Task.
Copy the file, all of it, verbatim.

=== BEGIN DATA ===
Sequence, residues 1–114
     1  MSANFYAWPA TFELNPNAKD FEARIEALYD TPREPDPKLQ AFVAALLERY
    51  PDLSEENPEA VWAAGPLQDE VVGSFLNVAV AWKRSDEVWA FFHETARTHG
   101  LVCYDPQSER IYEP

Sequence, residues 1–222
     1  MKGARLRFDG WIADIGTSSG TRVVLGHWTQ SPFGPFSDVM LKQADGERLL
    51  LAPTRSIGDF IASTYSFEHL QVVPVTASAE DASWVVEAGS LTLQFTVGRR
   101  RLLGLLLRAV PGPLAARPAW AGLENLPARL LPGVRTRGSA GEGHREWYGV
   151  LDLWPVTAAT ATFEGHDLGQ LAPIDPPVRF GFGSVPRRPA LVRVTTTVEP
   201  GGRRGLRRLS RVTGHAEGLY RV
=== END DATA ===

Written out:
Sequence, residues 1–114
     1  MSANFYAWPA TFELNPNAKD FEARIEALYD TPREPDPKLQ AFVAALLERY
    51  PDLSEENPEA VWAAGPLQDE VVGSFLNVAV AWKRSDEVWA FFHETARTHG
   101  LVCYDPQSER IYEP

Sequence, residues 1–222
     1  MKGARLRFDG WIADIGTSSG TRVVLGHWTQ SPFGPFSDVM LKQADGERLL
    51  LAPTRSIGDF IASTYSFEHL QVVPVTASAE DASWVVEAGS LTLQFTVGRR
   101  RLLGLLLRAV PGPLAARPAW AGLENLPARL LPGVRTRGSA GEGHREWYGV
   151  LDLWPVTAAT ATFEGHDLGQ LAPIDPPVRF GFGSVPRRPA LVRVTTTVEP
   201  GGRRGLRRLS RVTGHAEGLY RV